How to Protect Passwords as Phishing Scams Increase by 80%?
Attacks via fraudulent email scams have increased sharply in recent years. Some experts claim they have gone up by a staggering 80%. IT specialists have sent out warnings to major companies and internet providers in light of the increased phishing campaigns. Just recently Durban city manager Sipho Nzuza became the victim of a brazen hacker attack which illustrates how bold cybercriminals have become.
Durban city officials have confirmed that the phishing scam is being investigated by its Integrity and Investigations Unit after the DA councilor Marlaine Nair brought up the matter to the unit.
According to the story, a construction director, who has opted to remain anonymous for safety reasons, sent a copy of an email to Nair which was supposedly received from Sipho Nzuza in which reference was made to a construction bidding proposal. In the supposed email, the construction director was told to contact Nzuza by 10 am but once he contacted the person masquerading as Nzuza, the director was informed he would have to deposit 100000 rand into an account. The construction director told his lawyer about the scam and the investigation began.
What are Phishing Attacks?
Phishing scams are done with one of two goals. Either to acquire specific information from the victims or to steal money. Phishing emails are usually the first contact between the cybercriminals and their victims.
"Targeted malware, heavily socially-engineered impersonation attacks, and phishing threats are still reaching employee inboxes. This leaves organizations at risk of a data breach and financial loss," said Matthew Gardiner, cybersecurity strategist at Mimecast. "Our latest quarterly analysis saw a continued attacker focus on impersonation attacks quarter-on-quarter. These are difficult attacks to identify without specialized security capabilities, and this testing shows that commonly used systems aren’t doing a good job catching them," he added.
The Ponemon Institute conducted a study in 2018 with aimed to deduce the costs of data breaches. They discovered that the average cost in South Africa is 36.5 million rand up from 32 million rand in 2017. That's over 25 million dollars. For example, when the insurance company Liberty Life fell victim to cybercriminals earlier in 2018 they lost 1.68 billion rand was lost. Now, they have a huge market value that's nearly 20 times that but it's still a massive score for the hackers and a massive loss for the company.
Over 90% of all cybercrime starts with a simple, innocent-looking email, according to experts and the damage isn't just monetary.
"It is the most pervasive corporate information service. The increase in supply chain fraud targeting payment workflow processes is huge an attack can involve important data being encrypted and then having to pay a lot to get data back" Mimecast's KwaZulu-Natal general manager Paul Stafford said.
"There is also the cost of brand damage when news of a cyber attack is released," Stafford added.
Phishing scams have evolved
Hackers are adopting newer and newer tactics to get their hands on the victims' information. They're not just targeting big corporations either. Don't think that the fact that you make chump change compared to global corporations fool you into thinking your immune to phishing scams.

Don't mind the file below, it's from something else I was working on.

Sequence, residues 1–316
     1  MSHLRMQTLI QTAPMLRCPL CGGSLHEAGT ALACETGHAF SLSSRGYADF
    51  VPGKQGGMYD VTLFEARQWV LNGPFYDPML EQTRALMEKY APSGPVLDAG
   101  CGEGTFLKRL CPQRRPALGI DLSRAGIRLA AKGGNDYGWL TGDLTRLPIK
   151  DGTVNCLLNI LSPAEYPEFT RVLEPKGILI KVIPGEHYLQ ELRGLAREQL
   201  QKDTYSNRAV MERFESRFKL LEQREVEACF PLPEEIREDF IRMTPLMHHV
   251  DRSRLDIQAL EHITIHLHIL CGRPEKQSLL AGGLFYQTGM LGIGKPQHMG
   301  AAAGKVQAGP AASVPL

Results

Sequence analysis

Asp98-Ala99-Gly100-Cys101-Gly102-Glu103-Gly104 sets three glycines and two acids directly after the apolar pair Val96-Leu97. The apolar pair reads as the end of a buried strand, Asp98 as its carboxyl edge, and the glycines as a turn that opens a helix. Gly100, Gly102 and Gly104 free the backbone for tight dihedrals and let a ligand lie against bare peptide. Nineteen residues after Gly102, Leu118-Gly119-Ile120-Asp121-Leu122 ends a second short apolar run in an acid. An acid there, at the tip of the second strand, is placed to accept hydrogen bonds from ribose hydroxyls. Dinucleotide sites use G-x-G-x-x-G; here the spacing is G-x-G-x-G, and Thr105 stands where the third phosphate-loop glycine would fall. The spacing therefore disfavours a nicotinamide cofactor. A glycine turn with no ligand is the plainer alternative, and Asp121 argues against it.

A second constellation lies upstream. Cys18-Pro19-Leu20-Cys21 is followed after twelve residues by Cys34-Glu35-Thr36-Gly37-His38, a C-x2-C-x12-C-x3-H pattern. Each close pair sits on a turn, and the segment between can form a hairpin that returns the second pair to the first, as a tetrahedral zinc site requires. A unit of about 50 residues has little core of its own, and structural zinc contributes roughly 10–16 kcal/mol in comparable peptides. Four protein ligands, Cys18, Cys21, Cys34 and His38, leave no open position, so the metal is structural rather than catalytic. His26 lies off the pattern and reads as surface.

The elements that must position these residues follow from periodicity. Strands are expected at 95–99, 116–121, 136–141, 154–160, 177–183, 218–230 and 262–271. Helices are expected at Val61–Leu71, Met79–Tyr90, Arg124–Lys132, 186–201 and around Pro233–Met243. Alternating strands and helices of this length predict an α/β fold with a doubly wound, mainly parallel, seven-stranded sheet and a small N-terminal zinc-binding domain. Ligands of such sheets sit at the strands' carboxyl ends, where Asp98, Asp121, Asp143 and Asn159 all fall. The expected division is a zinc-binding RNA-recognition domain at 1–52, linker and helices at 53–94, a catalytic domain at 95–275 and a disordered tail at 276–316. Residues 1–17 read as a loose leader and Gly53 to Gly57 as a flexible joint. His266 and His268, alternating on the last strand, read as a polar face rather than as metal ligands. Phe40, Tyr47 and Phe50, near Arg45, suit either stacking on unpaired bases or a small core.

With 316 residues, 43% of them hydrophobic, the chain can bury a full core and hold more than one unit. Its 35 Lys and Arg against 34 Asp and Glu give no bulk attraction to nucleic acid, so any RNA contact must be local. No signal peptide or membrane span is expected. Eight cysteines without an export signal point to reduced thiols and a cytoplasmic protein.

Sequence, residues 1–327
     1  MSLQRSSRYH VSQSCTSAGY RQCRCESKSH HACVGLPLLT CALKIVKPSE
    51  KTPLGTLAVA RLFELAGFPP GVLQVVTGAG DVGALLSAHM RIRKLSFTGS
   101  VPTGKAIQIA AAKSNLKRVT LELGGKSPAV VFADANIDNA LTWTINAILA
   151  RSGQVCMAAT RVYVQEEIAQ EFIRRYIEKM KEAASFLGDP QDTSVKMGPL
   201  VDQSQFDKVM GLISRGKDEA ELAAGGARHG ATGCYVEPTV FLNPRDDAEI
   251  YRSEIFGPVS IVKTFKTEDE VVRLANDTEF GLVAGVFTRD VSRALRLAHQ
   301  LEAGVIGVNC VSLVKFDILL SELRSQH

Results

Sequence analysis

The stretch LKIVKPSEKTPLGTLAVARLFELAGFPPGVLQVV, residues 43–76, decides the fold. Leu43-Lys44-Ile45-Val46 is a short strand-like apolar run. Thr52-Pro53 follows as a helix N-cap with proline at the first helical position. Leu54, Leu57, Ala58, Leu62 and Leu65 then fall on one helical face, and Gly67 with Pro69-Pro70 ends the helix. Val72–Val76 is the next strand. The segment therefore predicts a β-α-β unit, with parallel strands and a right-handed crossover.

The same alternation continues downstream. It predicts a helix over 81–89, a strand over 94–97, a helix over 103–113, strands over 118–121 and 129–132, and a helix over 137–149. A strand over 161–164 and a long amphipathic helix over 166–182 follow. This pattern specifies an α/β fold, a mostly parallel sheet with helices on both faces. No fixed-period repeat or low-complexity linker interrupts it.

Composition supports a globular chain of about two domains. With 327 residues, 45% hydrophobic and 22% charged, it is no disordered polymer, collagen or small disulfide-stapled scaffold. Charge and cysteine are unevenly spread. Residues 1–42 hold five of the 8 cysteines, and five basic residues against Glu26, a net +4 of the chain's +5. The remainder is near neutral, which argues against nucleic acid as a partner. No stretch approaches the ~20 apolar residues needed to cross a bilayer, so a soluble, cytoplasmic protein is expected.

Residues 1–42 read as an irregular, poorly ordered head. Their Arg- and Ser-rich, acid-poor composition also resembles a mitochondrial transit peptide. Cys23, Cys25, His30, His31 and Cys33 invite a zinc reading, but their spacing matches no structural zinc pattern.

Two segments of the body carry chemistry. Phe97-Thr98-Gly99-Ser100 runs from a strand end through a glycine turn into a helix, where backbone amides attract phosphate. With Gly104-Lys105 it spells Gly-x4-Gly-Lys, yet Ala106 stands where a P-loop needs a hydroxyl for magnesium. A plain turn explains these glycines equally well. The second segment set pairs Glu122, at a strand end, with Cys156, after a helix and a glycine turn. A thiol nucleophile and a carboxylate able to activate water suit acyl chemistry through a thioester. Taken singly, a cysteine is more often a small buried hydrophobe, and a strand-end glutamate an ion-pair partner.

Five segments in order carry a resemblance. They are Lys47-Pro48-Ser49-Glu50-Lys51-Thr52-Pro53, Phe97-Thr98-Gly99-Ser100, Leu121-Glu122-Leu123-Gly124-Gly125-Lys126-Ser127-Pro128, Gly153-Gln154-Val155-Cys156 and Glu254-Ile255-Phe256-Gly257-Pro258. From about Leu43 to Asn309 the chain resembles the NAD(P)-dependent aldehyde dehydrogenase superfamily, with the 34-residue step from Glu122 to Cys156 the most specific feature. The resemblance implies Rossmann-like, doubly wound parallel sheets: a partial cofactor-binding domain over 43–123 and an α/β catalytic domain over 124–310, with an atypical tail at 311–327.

Alto Africa chief technology officer Oliver Potgieter commented that cybercrime technology has moved past the victim having to click on links for a hacker to get their password. He talked about an email that was currently making the rounds which tried to blackmail its victims by accusing them of downloading pornography.
The email starts with "I am aware that (actual password) is one of your passwords".
"Phishing has always been about trying to get your password. Now they are leading the email message with your password straight off the bat to establish credibility. The password used is actually correct (or was). We believe this password information in these recent instances has been from hacks such as the Ashley Maddison hack of 2015," said Potgieter.
"There is also nothing in this email that causes it to be blocked by normal spam protection - no links, no malware, no attachments," Potgieter added.
The ransom demanded is usually in a cryptocurrency like Bitcoin. Why? Because hackers know that the Bitcoins are virtually impossible to trace by the authorities
Mobile devices make hacking even easier for attackers
"We have moved away from the workstations and the consequence of a mobile access point is that we are on the servers permanently. You don't even have to get hacked," Dr. Colin Thakur, Director of Nemisa KZN e-Skills Colab in Durban said.
Thakur and Stafford also warned that cybercrime can be carried out through USB devices, which can be strategically dropped close to the target who would then presume it was their own USB device.
"You put it in (to a laptop) and every keystroke you do is picked up, whether it's your password or other critical information," said Thakur.
"When it comes to creating a fraudulent account, the hacker simply has to transpose two letters. Your eyes will auto-correct the error and every hacker knows that's what you'll do. It's such a basic level of fraud, people don't believe it can happen, but it does," he added.